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The Secret of Your Success

New research reveals that concealing success may undermine your relationships.

G-Stock Studio/Shutterstock
Source: G-Stock Studio/Shutterstock

It’s vulnerable to be open. What if the person you're opening up to isn’t responsive in the way you had hoped? What if they’re judgmental or rejecting? And as for what you choose to share, that can assume a range of forms. It could be a deep feeling or need that you don’t talk about, a time when you stumbled, a personal flaw, or something you feel guilty or ashamed of. And then, there’s another way in which you can be vulnerable that receives far less attention: Your successes.

At first glance, it may not seem like sharing personal triumphs and progress is all that risky or vulnerable. If anything, it can look like a safe bet, something that holds the potential to elevate one’s place in another’s eyes.

Yet, it can be risky to voice one’s accomplishments. Who knows if the person on the receiving end will react in a favorable way? What if they respond with resentment? At the same time, a wide body of research also highlights how openness and self-disclosure are linked with more connected relationships. What is a person to do? Is it preferable to share life’s victories or keep them cloaked in privacy? Thankfully, Drs. Roberts, Levine, and Sezer explored this question and shared the results in a paper that came out this month.

But let’s clarify a couple of points before we get into the heart of the research. First, when we talk about “hiding success,” what do we mean? The researchers described it as “intentionally withholding positive information about oneself or one’s accomplishments.” Second, this is an incredibly common thing to do; 82 percent of the folks in their research admitted to it. And as the investigators pointed out, a person’s reasons for keeping their accomplishments a secret generally come from a noble place. Specifically, people voiced a desire to steer clear of boasting, and to prevent the person they told from feeling distressed or jealous. Others were concerned about feeling embarrassed in opening up about their good fortune. With reasons like this, it can really make silence seem, objectively, like the right thing to do. And I understand that. I’ve kept mum about an achievement before, and I’m knowledgeable about how good self-disclosure is for relationships. If I can succumb to the feeling that it’s better to conceal than to reveal, anyone can.

Across a series of experiments, the researchers examined the impact of hiding success versus being open about it. And overall, they found that, although concealing a personal achievement may seem like the best course, this decision has its drawbacks. First, when someone withholds their good fortune, people tend to respond by feeling offended, less connected, and more suspicious. Second, even if a person hides their achievement and people never learn about it from anyone else, they still feel less connected to that person while they're concealing their good news. Third, folks assume that the person cloaking their success comes across as patronizing, treating them as though they wouldn’t be able to deal with it. Fourth, it’s even more problematic to keep success a secret when answering a straightforward question (e.g., “Did you get the award?”) compared with one that’s more ambiguous (“What’s been going on?”). Either way, people will feel vexed if they learn about it later. Fifth, hiding an achievement is detrimental regardless of how emotionally intimate a relationship is, although it may be especially hurtful for closer bonds. Sixth, although people tend to feel jealous when they learn about someone’s accomplishment, that emotion arises no matter who they hear it from. And finally, the researchers found that jealousy occurs alongside feeling connected to a person and joyful for their achievement. A person can be both excited for someone and yearn for something similar for themselves.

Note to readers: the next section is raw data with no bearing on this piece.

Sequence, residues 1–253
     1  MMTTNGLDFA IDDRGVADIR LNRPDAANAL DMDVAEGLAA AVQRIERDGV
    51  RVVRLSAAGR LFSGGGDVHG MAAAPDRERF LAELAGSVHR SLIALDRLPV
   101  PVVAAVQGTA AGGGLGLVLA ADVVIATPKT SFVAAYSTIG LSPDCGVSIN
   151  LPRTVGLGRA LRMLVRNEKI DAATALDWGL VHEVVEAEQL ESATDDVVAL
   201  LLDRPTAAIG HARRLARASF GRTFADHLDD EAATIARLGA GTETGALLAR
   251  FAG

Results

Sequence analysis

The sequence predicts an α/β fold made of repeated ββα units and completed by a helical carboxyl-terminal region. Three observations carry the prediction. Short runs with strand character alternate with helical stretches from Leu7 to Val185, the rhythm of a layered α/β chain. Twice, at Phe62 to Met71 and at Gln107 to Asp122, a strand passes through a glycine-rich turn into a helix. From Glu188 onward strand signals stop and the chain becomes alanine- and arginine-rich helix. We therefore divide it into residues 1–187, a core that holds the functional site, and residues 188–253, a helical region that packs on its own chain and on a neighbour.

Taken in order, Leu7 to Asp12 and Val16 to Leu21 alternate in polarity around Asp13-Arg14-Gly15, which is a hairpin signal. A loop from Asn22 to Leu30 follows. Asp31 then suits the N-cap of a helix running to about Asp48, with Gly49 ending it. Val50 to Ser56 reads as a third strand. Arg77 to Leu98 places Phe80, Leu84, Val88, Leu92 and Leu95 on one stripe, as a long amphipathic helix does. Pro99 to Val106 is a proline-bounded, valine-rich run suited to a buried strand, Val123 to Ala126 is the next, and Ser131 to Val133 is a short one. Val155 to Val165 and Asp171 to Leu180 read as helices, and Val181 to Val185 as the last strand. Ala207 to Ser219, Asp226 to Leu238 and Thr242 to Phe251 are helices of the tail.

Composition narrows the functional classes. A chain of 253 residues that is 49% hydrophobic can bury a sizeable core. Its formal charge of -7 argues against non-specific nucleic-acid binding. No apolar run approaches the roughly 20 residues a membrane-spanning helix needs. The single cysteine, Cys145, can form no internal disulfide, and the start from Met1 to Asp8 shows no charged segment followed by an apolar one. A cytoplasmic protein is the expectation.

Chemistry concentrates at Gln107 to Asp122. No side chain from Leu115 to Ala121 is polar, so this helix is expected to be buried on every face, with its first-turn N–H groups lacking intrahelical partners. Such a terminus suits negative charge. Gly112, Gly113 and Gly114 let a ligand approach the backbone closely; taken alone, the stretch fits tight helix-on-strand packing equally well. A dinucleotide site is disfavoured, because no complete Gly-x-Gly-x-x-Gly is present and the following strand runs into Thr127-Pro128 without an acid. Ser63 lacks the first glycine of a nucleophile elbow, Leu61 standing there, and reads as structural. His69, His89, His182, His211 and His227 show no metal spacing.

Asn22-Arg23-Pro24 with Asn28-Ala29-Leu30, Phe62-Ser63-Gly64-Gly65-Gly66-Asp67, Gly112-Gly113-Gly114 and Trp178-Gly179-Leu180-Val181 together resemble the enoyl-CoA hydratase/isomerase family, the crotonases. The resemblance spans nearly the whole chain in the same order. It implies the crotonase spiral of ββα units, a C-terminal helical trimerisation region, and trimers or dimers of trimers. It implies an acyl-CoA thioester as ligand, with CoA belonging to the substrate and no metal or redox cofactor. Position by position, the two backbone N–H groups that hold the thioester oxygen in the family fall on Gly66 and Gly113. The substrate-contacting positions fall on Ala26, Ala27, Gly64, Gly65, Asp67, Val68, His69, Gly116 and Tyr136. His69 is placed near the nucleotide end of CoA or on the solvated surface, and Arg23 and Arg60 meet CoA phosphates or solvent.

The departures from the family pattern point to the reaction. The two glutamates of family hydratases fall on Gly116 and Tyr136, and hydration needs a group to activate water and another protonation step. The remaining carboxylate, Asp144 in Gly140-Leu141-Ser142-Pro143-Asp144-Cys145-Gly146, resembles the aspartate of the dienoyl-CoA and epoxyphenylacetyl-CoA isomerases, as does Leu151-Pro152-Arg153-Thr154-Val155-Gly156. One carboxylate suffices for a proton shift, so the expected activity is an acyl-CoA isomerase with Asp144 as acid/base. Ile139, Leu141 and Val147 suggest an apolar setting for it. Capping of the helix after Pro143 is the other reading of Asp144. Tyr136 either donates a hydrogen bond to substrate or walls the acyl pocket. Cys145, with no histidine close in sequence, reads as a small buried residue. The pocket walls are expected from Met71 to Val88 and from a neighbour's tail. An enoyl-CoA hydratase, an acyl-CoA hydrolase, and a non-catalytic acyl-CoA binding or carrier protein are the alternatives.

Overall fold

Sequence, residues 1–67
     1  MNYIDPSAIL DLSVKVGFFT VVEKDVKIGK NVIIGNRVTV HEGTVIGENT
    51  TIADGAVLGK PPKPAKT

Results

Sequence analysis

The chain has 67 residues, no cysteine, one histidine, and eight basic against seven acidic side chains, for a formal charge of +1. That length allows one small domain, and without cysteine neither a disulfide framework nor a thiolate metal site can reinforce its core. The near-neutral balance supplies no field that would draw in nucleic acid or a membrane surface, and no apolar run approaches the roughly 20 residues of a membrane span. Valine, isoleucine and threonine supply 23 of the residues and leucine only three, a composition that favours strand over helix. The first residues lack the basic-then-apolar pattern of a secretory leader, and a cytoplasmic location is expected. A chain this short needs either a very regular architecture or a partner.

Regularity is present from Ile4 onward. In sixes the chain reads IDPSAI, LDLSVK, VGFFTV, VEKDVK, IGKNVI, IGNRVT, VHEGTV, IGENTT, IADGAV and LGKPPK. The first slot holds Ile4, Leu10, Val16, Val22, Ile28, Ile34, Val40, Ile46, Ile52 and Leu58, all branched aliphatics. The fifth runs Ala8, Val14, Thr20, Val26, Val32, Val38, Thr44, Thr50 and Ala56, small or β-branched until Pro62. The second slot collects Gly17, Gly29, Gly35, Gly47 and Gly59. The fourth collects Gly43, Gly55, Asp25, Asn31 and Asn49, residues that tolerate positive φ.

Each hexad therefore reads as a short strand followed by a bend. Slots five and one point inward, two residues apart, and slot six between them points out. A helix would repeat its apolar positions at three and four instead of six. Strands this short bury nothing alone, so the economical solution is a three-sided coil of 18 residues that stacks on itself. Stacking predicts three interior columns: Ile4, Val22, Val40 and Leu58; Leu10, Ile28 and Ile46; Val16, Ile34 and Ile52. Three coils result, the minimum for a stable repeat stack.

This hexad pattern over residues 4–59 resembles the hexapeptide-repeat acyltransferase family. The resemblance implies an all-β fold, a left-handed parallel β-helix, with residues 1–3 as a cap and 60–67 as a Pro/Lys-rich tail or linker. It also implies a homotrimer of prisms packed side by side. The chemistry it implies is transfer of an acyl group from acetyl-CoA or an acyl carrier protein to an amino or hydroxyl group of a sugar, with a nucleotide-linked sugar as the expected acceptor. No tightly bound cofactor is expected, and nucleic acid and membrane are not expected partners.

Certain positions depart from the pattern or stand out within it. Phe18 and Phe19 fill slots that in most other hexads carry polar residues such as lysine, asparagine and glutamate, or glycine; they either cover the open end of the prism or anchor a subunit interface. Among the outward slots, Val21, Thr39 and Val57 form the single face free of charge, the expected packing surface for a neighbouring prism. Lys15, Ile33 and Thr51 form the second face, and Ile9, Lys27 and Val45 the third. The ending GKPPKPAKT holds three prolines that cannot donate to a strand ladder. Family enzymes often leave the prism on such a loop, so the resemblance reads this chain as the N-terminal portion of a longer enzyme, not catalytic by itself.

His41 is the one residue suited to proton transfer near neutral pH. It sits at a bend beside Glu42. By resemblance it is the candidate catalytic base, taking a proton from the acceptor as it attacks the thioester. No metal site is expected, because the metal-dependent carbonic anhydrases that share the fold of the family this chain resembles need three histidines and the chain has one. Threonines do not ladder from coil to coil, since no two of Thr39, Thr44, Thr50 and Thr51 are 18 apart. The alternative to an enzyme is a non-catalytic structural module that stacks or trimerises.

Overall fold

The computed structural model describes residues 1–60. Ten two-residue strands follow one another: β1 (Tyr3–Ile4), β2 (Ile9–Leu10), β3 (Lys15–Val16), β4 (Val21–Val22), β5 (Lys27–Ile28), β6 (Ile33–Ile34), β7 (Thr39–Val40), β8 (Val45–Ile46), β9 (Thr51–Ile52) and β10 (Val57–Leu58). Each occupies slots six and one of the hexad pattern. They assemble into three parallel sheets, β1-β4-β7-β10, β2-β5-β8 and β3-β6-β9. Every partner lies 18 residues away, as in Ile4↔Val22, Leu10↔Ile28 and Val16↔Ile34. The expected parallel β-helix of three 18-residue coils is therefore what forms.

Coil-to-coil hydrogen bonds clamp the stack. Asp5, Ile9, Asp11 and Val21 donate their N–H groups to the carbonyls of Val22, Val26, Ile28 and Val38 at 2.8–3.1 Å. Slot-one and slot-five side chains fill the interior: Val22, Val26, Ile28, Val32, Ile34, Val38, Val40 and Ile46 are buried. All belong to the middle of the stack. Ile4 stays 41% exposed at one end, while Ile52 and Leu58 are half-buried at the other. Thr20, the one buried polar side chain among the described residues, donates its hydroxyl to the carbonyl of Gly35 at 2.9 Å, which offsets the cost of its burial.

If you’ve reached a personal milestone and you don’t want to be alone with it, consider giving yourself permission to open up. Although there’s never a guarantee that the person you’re talking to will be responsive and supportive, there’s a good chance that you have more to gain by sharing it than covering it up.


Collins, N.L., & Miller, L.C. (1994). Self-disclosure and liking: A meta-analytic review. Psychological Bulletin, 116, 457-475.

Roberts, A. R., Levine, E. E., & Sezer, O. (2020, August 17). Hiding Success. Journal of Personality and Social Psychology. Advance online publication.

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